Vindicating the Founders: Race, Sex, Class, and Justice in the Origins of America

Vindicating the Founders: Race, Sex, Class, and Justice in the Origins of America

Vindicating the Founders: Race, Sex, Class, and Justice in the Origins of America

Vindicating the Founders: Race, Sex, Class, and Justice in the Origins of America

Excerpt

This book will show that America's Founders well deserve the respect that citizens and schoolchildren still pay them, but which has long been out of fashion among America's elites. The Founders wrote and approved a Declaration of Independence whose central proposition was that "all men are created equal." They set up a government that did what no democracy had ever done before: It combined majority rule with effective protection for minority rights. It enabled a larger number of men and women to live in prosperity and liberty than any other nation has ever done.

In spite of this undeniable success, many of our leading sophisticates today would rather talk about the Founders' failures. Instead of the victories they won on behalf of freedom, we hear loud complaints about their supposed racism, sexism, and elitism. The Founding Fathers, we are told, did not really believe that "all men (and women) are created equal." Washington and Jefferson owned slaves. Women and the poor were excluded from voting. So how can we take seriously the Founders' supposed belief in human equality?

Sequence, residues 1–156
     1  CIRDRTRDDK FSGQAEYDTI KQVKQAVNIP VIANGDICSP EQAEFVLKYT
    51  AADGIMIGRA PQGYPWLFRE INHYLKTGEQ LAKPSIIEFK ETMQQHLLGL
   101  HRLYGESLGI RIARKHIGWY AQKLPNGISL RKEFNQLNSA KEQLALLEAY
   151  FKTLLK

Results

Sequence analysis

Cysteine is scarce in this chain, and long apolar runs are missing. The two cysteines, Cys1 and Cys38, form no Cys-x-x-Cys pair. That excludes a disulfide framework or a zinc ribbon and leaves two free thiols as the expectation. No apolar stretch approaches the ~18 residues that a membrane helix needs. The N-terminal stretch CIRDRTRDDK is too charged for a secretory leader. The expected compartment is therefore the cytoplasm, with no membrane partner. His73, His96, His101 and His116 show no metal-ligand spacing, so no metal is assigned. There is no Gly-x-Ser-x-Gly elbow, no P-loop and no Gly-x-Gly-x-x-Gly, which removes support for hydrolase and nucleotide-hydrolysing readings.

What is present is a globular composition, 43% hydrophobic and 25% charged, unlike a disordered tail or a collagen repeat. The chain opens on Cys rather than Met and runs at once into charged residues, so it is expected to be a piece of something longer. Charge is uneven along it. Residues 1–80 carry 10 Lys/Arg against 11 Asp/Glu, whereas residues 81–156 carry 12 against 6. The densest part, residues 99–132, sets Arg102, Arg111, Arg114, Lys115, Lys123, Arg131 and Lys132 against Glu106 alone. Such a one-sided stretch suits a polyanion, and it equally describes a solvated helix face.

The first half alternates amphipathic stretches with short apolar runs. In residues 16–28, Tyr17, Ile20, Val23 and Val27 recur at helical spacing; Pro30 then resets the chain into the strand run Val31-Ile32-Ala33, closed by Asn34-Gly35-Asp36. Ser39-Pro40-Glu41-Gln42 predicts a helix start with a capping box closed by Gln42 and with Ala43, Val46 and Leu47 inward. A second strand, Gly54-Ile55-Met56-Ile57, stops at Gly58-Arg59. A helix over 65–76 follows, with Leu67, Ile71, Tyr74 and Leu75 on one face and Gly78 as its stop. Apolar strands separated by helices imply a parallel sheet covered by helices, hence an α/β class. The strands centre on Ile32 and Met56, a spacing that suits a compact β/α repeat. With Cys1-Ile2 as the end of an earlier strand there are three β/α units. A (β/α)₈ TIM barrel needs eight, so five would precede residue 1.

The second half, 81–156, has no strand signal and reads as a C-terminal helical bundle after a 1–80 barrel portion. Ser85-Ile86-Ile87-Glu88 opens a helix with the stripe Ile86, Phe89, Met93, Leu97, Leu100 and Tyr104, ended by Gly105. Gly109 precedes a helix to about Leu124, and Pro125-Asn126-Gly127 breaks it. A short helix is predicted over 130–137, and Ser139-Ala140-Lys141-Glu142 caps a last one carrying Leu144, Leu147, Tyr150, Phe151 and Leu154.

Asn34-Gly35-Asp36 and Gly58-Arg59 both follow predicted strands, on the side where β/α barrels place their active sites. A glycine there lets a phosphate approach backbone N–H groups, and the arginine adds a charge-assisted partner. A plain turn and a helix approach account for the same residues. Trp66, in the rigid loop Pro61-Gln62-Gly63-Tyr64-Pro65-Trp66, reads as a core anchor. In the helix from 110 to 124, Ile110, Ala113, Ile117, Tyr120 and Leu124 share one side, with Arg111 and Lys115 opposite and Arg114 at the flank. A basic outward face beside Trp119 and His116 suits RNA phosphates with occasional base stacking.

These arguments are well entrenched in the conventional wisdom of our time. They are repeated endlessly in the media and in popular books, by professors and politicians, as in these typical statements:

On blacks: "The sublime principles of the Declaration did not apply to them. They are for whites only." (Writer Conor Cruise O'Brien) The "prevailing opinion of the framers" was that blacks were "so far inferior, that they had no rights which the white man was bound to respect ... and that the Negro might justly and lawfully be reduced to slavery for his benefit." (Former Justice Thurgood Marshall, the first black appointed to the Supreme Court)

On the poor: They were "defined ... in a sense as an alien race that had to be held to close discipline." (Yale historian John Blum)

On women: "In colonial society ... a married woman had virtually no rights at all.... The Revolution did little to change [this]." (A college American history textbook)

On voting rights for the poor: "Most states had numerous [property] requirements that had to be met before a man could vote.... In general . . .

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